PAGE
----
We know COVID-19 is impacting all our students in different ways, so we put together some resources that might be helpful for you and your family to help navigate through this difficult time.

The resources below are only intended to provide guidance and should not be taken as legal advice. Please refer to the CARES Act and formal government updates for the most up-to-date information.

The CARES Act, enacted on March 27, 2020, is designed to create a temporary assistance program as a direct result of the COVID-19 public health emergency. Learn more about how this may benefit you.

Frequently Asked Questions

Q. What is the CARES Act?

A. The Coronavirus Aid, Relief, and Economic Security Act (CARES Act), passed on March 27, 2020, is designed to provide emergency assistance and health care response for individuals, families, and businesses affected by the 2020 coronavirus pandemic. It covers things such as individual/family payments, unemployment benefits, health coverage, and more.

Q. How does this benefit me?

A. According to the government, the CARES Act provides for Economic Impact Payments to American households of up to $1,200 per adult for individuals whose income was less than $99,000 ( or $198,000 for joint filers) and $500 per child under 17 years old – or up to $3,400 for a family of four.

The CARES Act also expands health-insurance coverage for diagnostic testing and required coverage for preventative services and vaccines, when they becomes available, among other items. Click here to learn more.

Furthermore, under the Federal Pandemic Unemployment Compensation (FPUC) program, eligible individuals who are collecting certain UI benefits, including regular unemployment compensation, will receive an additional $600 in federal benefits per week for weeks of unemployment ending on or before July 31, 2020. Additionally, the Pandemic Emergency Unemployment Compensation (PEUC) program allows those who have exhausted benefits under regular unemployment compensation or other programs to receive up to 13 weeks of additional benefits For more information, visit the Department of Labor at https://www.dol.gov/coronavirus

Q. How much will I receive in my check?

A. According to the IRS, anyone with a Social Security number who is not a dependent may receive up to $1,200 as an individual or $2,400 as a married couple, with an additional rebate of $500 per qualifying child. To qualify for the full amount, you must make under $75,000 per year as an individual, $150,000 per year as a married couple, or $112,500 per year as a head of household using information given to the IRS. If you make more than that, you may still get a check, but in a smaller amount based on your income.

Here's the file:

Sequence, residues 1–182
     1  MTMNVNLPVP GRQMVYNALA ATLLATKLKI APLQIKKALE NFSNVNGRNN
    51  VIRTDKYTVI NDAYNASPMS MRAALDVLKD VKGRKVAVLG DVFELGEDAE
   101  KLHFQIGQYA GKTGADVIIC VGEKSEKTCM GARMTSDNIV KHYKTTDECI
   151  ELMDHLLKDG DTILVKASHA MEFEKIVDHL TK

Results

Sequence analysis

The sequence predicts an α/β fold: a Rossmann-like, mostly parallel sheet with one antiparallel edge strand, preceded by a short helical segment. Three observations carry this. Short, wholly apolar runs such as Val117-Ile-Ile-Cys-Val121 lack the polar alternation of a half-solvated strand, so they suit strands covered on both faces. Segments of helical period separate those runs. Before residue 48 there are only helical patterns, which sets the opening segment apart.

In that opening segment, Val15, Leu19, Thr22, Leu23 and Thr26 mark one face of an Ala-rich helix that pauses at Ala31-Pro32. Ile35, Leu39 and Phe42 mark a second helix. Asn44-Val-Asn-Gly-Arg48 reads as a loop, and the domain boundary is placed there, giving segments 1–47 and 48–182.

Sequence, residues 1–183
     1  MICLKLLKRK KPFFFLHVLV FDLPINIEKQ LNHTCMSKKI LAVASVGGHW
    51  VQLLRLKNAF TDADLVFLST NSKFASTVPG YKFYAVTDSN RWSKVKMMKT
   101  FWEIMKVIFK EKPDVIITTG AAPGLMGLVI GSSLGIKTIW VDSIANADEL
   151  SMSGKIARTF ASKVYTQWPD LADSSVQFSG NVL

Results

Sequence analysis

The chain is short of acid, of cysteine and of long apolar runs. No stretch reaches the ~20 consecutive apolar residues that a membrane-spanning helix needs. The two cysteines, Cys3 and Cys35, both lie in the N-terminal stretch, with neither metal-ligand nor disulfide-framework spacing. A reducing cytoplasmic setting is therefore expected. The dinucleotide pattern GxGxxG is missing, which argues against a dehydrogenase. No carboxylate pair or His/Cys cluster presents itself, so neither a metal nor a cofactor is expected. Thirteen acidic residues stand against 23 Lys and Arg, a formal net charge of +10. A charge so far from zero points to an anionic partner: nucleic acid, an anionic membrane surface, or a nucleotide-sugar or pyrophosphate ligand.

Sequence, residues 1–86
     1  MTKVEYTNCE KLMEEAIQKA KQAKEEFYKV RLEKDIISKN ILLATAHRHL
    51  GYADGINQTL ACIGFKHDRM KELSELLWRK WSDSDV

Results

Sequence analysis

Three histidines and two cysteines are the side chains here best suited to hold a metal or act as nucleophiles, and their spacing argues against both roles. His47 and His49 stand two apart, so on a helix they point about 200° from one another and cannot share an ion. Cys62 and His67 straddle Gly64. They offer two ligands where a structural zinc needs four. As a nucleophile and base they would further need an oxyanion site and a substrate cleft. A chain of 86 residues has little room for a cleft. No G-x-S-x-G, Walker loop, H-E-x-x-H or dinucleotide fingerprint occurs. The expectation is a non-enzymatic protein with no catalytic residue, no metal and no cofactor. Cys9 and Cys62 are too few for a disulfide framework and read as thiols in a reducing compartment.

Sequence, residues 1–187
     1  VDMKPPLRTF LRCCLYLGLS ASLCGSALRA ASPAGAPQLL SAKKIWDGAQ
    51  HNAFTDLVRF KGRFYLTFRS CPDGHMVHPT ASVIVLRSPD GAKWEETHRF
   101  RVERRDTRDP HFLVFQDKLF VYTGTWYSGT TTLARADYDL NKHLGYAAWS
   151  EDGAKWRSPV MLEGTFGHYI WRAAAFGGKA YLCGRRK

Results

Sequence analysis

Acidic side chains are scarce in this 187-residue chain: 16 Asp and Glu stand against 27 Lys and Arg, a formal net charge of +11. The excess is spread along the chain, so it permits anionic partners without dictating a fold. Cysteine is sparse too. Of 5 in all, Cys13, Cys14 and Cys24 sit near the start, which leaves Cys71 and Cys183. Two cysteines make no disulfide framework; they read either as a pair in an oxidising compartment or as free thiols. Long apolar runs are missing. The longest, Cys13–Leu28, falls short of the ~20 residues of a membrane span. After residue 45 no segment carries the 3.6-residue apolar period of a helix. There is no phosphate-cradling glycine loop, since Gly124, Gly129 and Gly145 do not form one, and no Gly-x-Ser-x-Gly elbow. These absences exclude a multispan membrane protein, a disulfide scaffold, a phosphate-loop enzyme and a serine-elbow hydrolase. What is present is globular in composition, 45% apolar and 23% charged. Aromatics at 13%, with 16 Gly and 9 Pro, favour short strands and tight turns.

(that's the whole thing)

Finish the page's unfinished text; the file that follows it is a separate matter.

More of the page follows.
Q. Do I need to file my taxes to be eligible?

A. According to the IRS, your 2018 or 2019 tax filings will determine your rebate amount. If you have not filed in either year yet, the IRS will require a simple tax return to receive the economic impact payment. Tax filings for 2019 have been delayed until July 15, 2020 so if you have not filed for 2019 yet, your 2018 filing will be used to determine your payment amount.

If you have further questions, please reach out to the IRS to discuss your situation.

Q. When will I get my check?

A. The IRS notes that if you entered direct deposit information when you filed your taxes, you should receive your rebate in about three weeks from when the CARES Act was passed on March 27, 2020. If you are unsure if the IRS has bank account information from you and/or want to check your payment status, visit the Get My Payment page on their website.

Q. Are there any health coverage benefits? What if I get sick?

A. The Act states that for health coverage, the bill:

  • provides additional funding for the prevention, diagnosis, and treatment of COVID-19;
  • limits liability for volunteer health care professionals;
  • prioritizes Food and Drug Administration (FDA) review of certain drugs;
  • allows emergency use of certain diagnostic tests that are not approved by the FDA;
  • expands health-insurance coverage for diagnostic testing and requires coverage for preventative services and vaccines;
  • revises other provisions, including those regarding the medical supply chain, the national stockpile, the health care workforce, the Healthy Start program, telehealth services, nutrition services, Medicare, and Medicaid.

Q. How do I identify CARES Act scams?